|Rouba 3i + Tony Buck|
By Fotis Nikolakopoulos
Borderline Festival, now in its 9th year, is a commodity for Athens. Only a handful of people are willing and able to pay the expenses so that musicians, of any kind of adventurous music, can come to Greece and perform. It is a pity that for the past couple of years the festival seems to be turning its back to free jazz and free improv music in favor of building a more “contemporary” image for itself. Thankfully for the financial wealth of Onassis Cultural Center, prices are low, allowing many people to get to know artists and performers that in many other cases they would not.
This year saw Borderline collaborating with another important festival of Eastern Mediterranean Sea, Irtijal. Forging relationships is always the best thing to do when it comes to any kind of social behavior. It would be far more important, though, if these bonds would stand not only for and from the music. We live in an area shattered by wars (not only in Syria), baffled by the oppression against the Palestinian people. We are watching, thousand by thousands, refugees with no papers trying to flee war and oppression from all over this sea. I really would be much happier if all those were to be reminded (in any way) throughout the festival’s venues and actions. The only implication from this collaboration is that music brings people together and smashes borders. Thankfully it does.
The occasion of this collaboration is another fruitful proof of the above. Although it seems like an antithesis to talk about music from Lebanon while two thirds of the Rouba 3i (I’m not exactly sure about Sharif Sehnaoui) live outside Lebanon. Their trio with The Necks drummer, Tony Buck, was a gig to catch. As you can clearly see, their positioning on stage had the warmth of a friendly occasion. Seated very close to each other, the four musicians produced a unified sound with no solos. Their playing was cohesive interaction during the (must say we wanted more) forty minutes they performed.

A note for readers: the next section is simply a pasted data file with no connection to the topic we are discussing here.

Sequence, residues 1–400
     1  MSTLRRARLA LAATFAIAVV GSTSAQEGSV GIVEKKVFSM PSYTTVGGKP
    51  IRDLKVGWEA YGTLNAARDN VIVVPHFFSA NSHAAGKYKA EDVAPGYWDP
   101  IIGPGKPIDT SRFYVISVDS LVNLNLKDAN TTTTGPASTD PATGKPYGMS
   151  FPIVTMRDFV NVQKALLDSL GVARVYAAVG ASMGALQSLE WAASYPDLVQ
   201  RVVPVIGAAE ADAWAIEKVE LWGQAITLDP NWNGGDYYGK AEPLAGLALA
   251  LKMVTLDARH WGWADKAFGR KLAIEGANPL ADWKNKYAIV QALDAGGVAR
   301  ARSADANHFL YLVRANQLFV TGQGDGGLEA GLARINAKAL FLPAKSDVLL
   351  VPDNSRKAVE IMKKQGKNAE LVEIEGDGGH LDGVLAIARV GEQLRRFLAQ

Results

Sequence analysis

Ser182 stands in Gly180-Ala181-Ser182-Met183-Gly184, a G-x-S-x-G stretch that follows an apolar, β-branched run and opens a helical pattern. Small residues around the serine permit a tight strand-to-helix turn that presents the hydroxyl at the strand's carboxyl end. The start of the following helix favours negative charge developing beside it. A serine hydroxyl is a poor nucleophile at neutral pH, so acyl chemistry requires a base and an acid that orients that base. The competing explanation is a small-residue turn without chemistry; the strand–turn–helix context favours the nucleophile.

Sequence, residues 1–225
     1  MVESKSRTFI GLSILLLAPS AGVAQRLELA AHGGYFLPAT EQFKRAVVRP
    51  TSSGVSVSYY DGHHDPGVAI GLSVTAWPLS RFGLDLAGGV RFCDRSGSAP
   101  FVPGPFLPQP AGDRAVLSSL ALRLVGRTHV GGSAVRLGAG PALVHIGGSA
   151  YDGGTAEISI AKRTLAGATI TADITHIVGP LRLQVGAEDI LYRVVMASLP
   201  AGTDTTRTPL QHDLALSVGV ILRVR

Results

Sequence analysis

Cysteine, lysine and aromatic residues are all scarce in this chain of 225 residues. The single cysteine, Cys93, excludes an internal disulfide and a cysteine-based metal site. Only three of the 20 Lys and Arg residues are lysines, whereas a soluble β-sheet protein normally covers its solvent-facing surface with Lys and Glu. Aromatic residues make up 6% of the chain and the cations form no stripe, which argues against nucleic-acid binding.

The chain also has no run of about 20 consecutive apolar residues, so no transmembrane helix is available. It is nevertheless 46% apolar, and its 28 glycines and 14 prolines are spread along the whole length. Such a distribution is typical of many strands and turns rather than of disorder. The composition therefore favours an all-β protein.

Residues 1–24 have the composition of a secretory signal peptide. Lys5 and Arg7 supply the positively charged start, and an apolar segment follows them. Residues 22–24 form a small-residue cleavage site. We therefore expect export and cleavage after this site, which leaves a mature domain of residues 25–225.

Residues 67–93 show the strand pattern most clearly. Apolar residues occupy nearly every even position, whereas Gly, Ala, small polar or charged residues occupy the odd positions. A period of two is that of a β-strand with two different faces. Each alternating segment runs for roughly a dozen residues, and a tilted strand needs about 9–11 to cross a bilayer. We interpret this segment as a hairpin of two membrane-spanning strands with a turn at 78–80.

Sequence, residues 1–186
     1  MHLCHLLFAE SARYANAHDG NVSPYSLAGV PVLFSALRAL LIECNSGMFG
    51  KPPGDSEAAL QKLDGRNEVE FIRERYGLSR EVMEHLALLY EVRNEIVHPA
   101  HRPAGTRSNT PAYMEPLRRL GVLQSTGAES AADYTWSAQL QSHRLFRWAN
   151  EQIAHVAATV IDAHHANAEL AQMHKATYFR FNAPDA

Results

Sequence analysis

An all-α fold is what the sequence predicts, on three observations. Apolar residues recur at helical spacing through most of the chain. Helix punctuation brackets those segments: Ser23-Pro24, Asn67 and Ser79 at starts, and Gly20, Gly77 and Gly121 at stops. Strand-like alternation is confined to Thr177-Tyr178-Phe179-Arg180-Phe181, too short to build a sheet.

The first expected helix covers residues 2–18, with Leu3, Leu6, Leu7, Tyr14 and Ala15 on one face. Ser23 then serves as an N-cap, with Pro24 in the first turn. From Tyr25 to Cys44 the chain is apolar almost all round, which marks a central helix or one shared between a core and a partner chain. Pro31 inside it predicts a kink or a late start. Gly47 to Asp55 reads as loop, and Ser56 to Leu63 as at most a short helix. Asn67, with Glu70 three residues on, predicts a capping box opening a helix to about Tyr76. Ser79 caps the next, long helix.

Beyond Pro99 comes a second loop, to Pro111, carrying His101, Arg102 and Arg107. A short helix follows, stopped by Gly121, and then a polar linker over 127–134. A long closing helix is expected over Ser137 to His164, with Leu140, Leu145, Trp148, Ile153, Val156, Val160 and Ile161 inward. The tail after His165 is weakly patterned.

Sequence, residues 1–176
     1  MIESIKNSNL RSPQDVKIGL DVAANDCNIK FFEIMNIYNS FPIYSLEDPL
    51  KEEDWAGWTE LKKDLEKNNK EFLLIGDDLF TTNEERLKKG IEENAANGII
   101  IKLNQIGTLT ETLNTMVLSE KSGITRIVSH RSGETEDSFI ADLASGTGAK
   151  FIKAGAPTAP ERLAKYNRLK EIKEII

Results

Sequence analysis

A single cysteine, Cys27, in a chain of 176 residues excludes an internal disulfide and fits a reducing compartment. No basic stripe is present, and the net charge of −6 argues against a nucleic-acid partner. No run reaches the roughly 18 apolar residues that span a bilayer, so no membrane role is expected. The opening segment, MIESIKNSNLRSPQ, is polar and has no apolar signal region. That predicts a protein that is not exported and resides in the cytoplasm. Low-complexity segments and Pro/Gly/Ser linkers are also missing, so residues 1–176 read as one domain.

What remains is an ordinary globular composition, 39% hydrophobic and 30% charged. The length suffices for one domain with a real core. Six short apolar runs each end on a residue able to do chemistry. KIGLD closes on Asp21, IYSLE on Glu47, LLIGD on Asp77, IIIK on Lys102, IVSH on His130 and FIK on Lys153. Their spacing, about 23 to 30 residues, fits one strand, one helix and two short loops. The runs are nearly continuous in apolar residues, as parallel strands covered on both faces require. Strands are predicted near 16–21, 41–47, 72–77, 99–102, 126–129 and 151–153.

Everybody’s approach was the one of collective improvisation. Christine Abdelnour’s sax lines and notes were long and sustained, keeping her instrument on the verge on inaudibility. The same cannot be said for Mazen Kerbaj’s trumpet, an instrument that is gradually becoming more and more percussive in his hands and mouth. Sharif Sehnaoui’s gentle approach to his acoustic guitar added flair to their, sometimes, low timbre and rugged audio results. Even though it’s contradictory to talk about individuals on this set, Buck’s playing was a joy to see and listen to. His use of almost everything in keeping the rhythm of this rhythmless (sic) performance, made me even more frustrated by not having caught The Necks live yet…
They achieved a continuous flow through their set and this is never easy. The quartet’s performance was palpable with small improvisational gestures. Everybody was eager, willing and able to leave room for the others, while, at the same time, their overall performance was always energetic. I was left with the impression that this fluidity of means and noises needed more time to breathe and most importantly to present its fruits.